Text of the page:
Content Options

Content Options

View Options

CRED 3.1 Application and purpose

CRED 3.1.1 G

This chapter applies to all credit unions.

CRED 3.1.2 G

The Principles for Businesses (PRIN) sets out, in a small number of high-level requirements, the basic obligations of all regulated firms. They provide a general statement of regulatory requirements, and the FSA considers that the Principles are appropriate expressions of the standards of conduct to be expected of all financial firms including credit unions. The purpose of this chapter is to provide additional guidance on the provisions of PRIN as they relate to credit unions.

CRED 3.1.3 G

PRIN 2.1.1 R applies to all credit unions. Additional guidance on this rule is given in CRED 3.2.

CRED 3.1.4 G

In applying the Principles to credit unions, the FSA will be mindful of proportionality. In practice, the implications are likely to vary according to the size of the credit union.

CRED 3.2 The Principles

CRED 3.2.1 G

The table in PRIN 2.1.1 R sets out the full text of the Principles. These are repeated below for ease of reference.

  1. (1)

    Integrity. A firm must conduct its business with integrity.

  2. (2)

    Skill, care and diligence. A firm must conduct its business with due skill, care and diligence.

  3. (3)

    Management and control. A firm must take reasonable care to organise and control its affairs responsibly and effectively, with adequate risk management systems.

  4. (4)

    Financial prudence. A firm must maintain adequate financial resources.

  5. (5)

    Market conduct. A firm must observe proper standards of market conduct.

  6. (6)

    Customers' interests. A firm must pay due regard to the interests of its customers and treat them fairly.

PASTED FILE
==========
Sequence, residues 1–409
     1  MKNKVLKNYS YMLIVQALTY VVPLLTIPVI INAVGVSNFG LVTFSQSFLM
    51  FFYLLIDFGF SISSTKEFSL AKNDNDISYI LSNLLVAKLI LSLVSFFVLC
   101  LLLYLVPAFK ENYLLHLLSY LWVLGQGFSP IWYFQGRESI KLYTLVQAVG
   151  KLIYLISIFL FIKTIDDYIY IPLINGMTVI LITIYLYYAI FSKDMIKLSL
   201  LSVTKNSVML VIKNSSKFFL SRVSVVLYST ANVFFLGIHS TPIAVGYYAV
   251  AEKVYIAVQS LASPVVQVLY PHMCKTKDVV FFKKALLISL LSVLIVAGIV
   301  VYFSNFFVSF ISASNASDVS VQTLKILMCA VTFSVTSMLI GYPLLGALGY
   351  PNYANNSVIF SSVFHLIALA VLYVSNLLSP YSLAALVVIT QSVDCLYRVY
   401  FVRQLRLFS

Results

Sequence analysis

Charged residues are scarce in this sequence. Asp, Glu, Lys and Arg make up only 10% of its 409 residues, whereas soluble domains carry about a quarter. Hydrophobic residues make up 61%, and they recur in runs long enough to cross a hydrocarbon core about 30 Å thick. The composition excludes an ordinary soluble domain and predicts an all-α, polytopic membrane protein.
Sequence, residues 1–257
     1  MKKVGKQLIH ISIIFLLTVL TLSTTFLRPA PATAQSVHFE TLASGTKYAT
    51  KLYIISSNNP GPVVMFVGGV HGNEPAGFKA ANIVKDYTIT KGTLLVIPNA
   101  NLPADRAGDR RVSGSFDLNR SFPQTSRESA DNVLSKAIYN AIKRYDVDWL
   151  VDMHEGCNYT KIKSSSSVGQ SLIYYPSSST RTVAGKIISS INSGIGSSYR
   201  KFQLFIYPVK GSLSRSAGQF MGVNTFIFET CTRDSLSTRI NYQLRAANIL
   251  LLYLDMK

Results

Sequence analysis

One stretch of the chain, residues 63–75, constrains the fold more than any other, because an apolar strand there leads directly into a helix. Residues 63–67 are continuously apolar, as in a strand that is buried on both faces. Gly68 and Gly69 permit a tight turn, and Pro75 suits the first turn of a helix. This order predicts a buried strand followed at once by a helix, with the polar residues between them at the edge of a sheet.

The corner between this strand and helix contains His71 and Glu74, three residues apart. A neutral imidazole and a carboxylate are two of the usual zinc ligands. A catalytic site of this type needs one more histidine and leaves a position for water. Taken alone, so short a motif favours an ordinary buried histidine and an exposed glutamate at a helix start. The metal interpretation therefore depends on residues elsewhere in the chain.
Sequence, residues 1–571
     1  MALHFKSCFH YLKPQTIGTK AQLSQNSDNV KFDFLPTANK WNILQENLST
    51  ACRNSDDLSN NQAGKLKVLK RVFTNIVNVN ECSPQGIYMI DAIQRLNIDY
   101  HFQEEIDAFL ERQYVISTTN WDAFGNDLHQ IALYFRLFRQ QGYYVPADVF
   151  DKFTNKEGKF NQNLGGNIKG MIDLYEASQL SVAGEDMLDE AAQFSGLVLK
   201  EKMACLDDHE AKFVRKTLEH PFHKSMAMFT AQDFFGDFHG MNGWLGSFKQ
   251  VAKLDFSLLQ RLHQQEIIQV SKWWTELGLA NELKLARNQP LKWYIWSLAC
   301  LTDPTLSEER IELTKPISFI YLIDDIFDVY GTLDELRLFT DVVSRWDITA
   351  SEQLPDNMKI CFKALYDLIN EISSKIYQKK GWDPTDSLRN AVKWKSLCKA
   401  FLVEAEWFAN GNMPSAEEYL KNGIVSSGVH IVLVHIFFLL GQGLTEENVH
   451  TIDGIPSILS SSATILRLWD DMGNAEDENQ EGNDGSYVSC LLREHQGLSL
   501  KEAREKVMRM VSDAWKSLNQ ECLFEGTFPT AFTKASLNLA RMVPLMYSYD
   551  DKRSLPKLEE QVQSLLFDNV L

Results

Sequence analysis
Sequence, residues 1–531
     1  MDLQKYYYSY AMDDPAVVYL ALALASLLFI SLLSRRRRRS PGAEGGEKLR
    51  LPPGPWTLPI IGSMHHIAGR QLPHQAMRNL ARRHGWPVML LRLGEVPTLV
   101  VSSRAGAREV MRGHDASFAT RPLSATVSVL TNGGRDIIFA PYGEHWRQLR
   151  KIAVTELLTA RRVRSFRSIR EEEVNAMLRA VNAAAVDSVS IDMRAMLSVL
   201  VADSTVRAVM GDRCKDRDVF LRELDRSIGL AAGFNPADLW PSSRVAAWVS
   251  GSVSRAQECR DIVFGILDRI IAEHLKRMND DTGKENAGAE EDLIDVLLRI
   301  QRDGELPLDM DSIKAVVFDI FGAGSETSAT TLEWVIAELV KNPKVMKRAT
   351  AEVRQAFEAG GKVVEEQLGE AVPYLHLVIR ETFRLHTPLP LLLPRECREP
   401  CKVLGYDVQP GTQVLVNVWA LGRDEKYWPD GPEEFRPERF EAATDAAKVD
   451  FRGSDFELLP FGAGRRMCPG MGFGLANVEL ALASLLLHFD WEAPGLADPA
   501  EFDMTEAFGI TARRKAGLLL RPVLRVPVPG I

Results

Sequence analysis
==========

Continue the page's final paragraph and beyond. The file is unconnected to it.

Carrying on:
7. (7)

    Communications with clients. A firm must pay due regard to the information needs of its clients and communicate information to them in a way which is clear, fair and not misleading.

  8. (8)

    Conflicts of interest. A firm must manage conflicts of interest fairly, both between itself and its customers and between a customer and another client.

  9. (9)

    Customers: relationships of trust. A firm must take reasonable care to ensure the suitability of its advice and discretionary decisions for any customer who is entitled to rely upon its judgement.

  10. (10)

    Clients' assets. A firm must arrange adequate protection for clients' assets when it is responsible for them.

  11. (11)

    Relations with regulators. A firm must deal with its regulators in an open and cooperative way, and must disclose to the FSA appropriately anything relating to the firm of which the FSA would reasonably expect notice.

CRED 3.3 Consequences of breaching the Principles

CRED 3.3.1 G

The Principles are expressed in general terms. They are designed to be sensitive to individual circumstances and to be proportionate. Their practical implications for firms' conduct, organisation and resources will depend on the size of the firm and the business it undertakes. The Principles do not require small firms to act or be treated as if they were large.

CRED 3.3.2 G

However, being ready, willing and organised to abide by the Principles is a critical factor in applications for authorisation and whether a credit union is continuing to be fit and proper. Therefore, breaching a Principle makes a credit union liable to the FSA's disciplinary sanctions. The full provisions of how the FSA will use its powers in support of its enforcement functions under the Act are set out in 1EG1. The FSA will be proportionate in the use of its powers.